Tedd Sperling wrote:
I can't wait for tomorrow -- so here's my off-topic post today.

First question:

What do you call the people who ultimately use your code?

I call them the "end-user", but others have stated other terms, such as "customer" or 

If they are paying they are customers, if they are freeloading they are users.

Second question:

Are you concerned with their ("whomever") experience in using your code?

This question transcends your code working correctly, accurately, and securely -- no need 
to comment on those aspects. But rather more specifically do you consider how easily your 
"whomever" can use your work efforts?

As you may have guessed - I just attended a UX conference and they provide an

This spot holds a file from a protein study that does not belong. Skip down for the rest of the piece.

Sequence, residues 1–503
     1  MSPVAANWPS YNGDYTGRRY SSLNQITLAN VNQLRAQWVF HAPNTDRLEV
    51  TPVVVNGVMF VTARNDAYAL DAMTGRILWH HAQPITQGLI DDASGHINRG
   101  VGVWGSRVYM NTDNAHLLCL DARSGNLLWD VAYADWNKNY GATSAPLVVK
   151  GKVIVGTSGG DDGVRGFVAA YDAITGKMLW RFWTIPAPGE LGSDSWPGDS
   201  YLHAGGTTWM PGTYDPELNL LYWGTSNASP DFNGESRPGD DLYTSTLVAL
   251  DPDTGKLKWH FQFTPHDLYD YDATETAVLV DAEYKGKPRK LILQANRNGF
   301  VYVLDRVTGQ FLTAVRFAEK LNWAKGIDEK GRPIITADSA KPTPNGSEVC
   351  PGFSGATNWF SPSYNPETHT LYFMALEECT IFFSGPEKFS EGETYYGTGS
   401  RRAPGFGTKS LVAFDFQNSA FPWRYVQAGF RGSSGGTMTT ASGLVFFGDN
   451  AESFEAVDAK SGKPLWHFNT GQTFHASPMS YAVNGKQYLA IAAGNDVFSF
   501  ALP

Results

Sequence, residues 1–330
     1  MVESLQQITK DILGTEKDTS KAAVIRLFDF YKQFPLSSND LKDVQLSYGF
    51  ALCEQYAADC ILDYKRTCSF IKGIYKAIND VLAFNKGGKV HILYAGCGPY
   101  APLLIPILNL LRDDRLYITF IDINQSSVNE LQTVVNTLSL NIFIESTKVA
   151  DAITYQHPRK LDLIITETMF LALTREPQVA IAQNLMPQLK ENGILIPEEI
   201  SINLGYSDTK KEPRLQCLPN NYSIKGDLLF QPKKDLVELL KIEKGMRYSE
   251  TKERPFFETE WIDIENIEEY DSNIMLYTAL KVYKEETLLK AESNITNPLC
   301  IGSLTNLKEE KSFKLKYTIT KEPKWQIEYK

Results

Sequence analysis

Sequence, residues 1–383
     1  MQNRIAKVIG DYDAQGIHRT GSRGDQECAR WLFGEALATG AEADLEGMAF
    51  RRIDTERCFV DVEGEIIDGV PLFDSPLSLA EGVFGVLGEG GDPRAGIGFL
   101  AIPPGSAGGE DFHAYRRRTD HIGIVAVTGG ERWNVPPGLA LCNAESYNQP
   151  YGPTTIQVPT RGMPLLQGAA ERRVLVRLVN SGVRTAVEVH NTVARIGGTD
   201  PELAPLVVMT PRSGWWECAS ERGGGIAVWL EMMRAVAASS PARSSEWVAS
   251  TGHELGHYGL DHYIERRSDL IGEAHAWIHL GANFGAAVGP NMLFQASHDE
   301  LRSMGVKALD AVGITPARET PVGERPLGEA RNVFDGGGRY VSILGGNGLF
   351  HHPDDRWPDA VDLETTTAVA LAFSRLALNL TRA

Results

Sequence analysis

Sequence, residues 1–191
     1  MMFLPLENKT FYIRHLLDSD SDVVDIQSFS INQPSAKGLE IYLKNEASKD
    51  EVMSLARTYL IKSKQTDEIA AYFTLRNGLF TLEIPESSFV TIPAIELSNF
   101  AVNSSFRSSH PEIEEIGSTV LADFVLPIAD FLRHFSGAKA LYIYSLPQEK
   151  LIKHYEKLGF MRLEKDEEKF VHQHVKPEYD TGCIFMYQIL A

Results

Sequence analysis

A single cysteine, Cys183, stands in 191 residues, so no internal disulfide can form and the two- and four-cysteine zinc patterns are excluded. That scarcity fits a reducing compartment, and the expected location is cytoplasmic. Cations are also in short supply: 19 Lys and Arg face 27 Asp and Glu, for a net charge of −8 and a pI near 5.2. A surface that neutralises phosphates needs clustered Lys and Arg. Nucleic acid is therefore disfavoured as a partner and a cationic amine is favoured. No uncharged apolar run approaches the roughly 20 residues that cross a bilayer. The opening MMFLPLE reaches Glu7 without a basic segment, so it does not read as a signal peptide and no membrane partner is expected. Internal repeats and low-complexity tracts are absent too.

interesting perspective on UX. I was wondering how php developers typically 
address the subject.

I have an application which has evolved over 20 years, but still does essentially what it did 20 years ago. It was ported to PHP to replace it's own alphnumeric terminals around 2000 but still uses the basic functionality that the original hardware provided.

The nice thing about PHP is that it while the original stuff was all hard coded programs and changes were difficult, with PHP we can adjust things easily. Probably a little too easily, but molding things to each sites personal preferences is something that could not be done originally. So we tailor the user side to reflect local workflow rather than forcing a one size fits all solution that we had before.

Lester Caine - G8HFL
Contact - http://lsces.co.uk/wiki/?page=contact
L.S.Caine Electronic Services - http://lsces.co.uk
EnquirySolve - http://enquirysolve.com/
Model Engineers Digital Workshop - http://medw.co.uk
Rainbow Digital Media - http://rainbowdigitalmedia.co.uk

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